Opposition leader Anwar Ibrahim met the Malaysian King yesterday and gave him the total number of lawmakers whom he claimed supported him to be the next prime minister, but did not give their names to verify his claim, said the palace.
"During the audience which lasted 25 minutes, Datuk Seri Anwar had presented the total number of Lower House MPs whom he claimed supported him," palace comptroller Datuk Ahmad Fadil Shamsuddin said in a statement.
"However, he did not present a list of the MPs' names to support his claim. Therefore, Sultan Abdullah (Ri'ayatuddin) has advised Anwar to follow and respect the legal process as stated in the federal Constitution," he said.
The meeting at Istana Negara (national palace) followed the Sept 23 shock announcement by Mr Anwar that he had the majority to form a new government.
The announcement came seven months after the collapse of the Pakatan Harapan government in late February, which was led by Tun Dr Mahathir Mohamad.
The ruler managed to meet him only yesterday after he was hospitalised for 12 days due to food poisoning and a sports injury.
Following the royal audience, Datuk Seri Anwar, 73, told a news conference that he has the support of more than 120 MPs in the 222-member Parliament, enough to form the next government.
"I have presented a list of a convincing majority of Members of Parliament who support me to His Majesty," Mr Anwar said.
"With these documents, it is abundantly clear that we have registered a formidable convincing majority among parliamentarians."
He added that it would be "appropriate" for Prime Minister Muhyiddin Yassin, who is also 73, to step down after losing his majority in Parliament.
The ruler is expected to make a decision in the coming days on whether Mr Anwar has the "formidable" backing as he claimed, based on the evidence submitted to him, and after meeting political party leaders.
Mr Anwar urged Malaysians to give space to Sultan Abdullah, 61, to exercise his discretion, study the documents and consult party leaders.
"Today is not the day of victory, or a day of loss for anyone," Mr Anwar said.
A few hours after the Anwar meeting, Sultan Abdullah met Tengku Razaleigh Hamzah, 83, chairman of Umno's board of advisers.
With its 39 MPs, Umno is the biggest backer of the government of Prime Minister Muhyiddin Yassin.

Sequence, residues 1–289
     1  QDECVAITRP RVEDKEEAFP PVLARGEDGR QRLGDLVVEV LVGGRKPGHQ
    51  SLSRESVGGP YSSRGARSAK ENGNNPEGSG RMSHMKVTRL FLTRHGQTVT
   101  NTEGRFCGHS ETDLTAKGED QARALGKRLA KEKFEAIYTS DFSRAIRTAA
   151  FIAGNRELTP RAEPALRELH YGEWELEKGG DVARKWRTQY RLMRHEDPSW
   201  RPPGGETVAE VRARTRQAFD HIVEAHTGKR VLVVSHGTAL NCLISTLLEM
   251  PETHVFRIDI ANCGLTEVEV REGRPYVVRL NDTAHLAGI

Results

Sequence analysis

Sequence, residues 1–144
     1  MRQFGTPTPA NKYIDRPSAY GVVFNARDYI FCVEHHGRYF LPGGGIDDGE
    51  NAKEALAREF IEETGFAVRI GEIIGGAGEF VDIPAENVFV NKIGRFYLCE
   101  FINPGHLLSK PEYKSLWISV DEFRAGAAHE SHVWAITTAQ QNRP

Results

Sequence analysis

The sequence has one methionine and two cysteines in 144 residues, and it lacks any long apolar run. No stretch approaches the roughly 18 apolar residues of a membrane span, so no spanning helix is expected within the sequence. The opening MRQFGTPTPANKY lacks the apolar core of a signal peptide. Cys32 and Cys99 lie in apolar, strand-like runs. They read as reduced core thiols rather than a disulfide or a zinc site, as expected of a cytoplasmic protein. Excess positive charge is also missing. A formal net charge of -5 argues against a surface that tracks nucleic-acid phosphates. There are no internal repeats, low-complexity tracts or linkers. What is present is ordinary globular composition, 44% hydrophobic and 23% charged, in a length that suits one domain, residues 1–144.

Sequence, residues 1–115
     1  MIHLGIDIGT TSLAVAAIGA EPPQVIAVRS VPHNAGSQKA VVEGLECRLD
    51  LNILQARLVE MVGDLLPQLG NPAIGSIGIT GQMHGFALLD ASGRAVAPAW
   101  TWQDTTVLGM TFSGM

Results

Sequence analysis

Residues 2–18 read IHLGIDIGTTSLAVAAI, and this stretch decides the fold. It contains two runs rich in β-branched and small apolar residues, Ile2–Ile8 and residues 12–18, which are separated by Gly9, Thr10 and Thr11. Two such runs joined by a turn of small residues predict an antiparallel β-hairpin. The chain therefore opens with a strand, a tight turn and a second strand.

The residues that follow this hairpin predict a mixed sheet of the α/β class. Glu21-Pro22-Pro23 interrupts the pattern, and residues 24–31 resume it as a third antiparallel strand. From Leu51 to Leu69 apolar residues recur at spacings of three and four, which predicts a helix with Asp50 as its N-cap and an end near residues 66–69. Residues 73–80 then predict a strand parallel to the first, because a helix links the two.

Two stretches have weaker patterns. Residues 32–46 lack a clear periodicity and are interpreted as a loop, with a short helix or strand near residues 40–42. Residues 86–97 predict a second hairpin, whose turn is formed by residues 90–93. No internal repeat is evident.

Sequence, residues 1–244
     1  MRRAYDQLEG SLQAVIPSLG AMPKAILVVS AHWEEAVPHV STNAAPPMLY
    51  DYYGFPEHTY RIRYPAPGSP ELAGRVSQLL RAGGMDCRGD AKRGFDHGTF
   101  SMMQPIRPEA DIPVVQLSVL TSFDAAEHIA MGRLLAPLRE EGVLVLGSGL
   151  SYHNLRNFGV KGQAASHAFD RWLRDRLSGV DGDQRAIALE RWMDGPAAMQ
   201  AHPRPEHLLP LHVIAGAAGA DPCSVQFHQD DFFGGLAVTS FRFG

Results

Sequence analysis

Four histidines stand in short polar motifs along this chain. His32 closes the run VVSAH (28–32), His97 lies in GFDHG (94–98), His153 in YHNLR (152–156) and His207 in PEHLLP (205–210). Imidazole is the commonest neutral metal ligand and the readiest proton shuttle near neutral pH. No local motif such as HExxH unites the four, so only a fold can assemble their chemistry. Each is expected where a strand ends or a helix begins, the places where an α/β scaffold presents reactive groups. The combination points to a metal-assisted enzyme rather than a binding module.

Mr Anwar's Sept 23 claim of having majority support in Parliament had been given immediate credence by Umno's president Ahmad Zahid Hamidi, who said on that same day that he knew of "many" Umno and Barisan Nasional MPs who support Mr Anwar.
The monarch is slated to meet the leader of opposition Democratic Action Party (DAP) today. The DAP has the single largest bloc of MPs in the House with 42 lawmakers.
Mr Anwar would need a minimum of 112 MPs to claim majority.
Tan Sri Muhyiddin's Perikatan Nasional is widely held to have a razor-thin majority of 113 lawmakers.
The three-party Pakatan Harapan coalition that Mr Anwar leads currently has 91 MPs - 38 lawmakers from his Parti Keadilan Rakyat, 42 from the DAP and 11 from Parti Amanah Negara.
Dr Mahathir, 95, issued a one-minute video that he is not endorsing any individual as prime minister, in a rebuff to Mr Anwar. Dr Mahathir said that his new party, Pejuang - with five opposition MPs - remains independent.
Mr Muhyiddin yesterday held a Facebook Live session for an hour with local media, saying he is focused on fighting Covid-19 and the struggling economy, not the palace meeting. He is on home quarantine, after a Cabinet minister was found to be Covid-19 positive.
Asked to comment on the King-Anwar meeting, Mr Muhyiddin said: "I don't want to comment on what Anwar did at the palace. I leave it to the best judgment of the Agong (King); he has his own way of doing things as provided by the Constitution," the Premier said, referring to Sultan Abdullah.
"When he (Mr Anwar) was there at the palace, I was here (at home) in front of the television having a video conference with the members of the National Security Council to discuss the Covid-19 issue.
"My interest now is in managing Covid-19 and the economy."
Mr Anwar's decision not to give Sultan Abdullah his list of 120 MPs set Malaysia abuzz yesterday, with some questioning whether he really has the support of enough parliamentarians to form the next government.
Said Mr Wan Saiful Wan Jan, information chief of Mr Muhyiddin's Bersatu party: "If this is the kind of desperate strategy that he wants to use, then I suggest that he just retire from politics and let other leaders take over the role of opposition leader, so that it can be a constructive opposition."
Reflecting the current concern of the government about a third wave of Covid-19 infections, the palace in its statement said the King is worried about the pandemic that has led the greater Kuala Lumpur area to be placed under movement curbs for two weeks from midnight.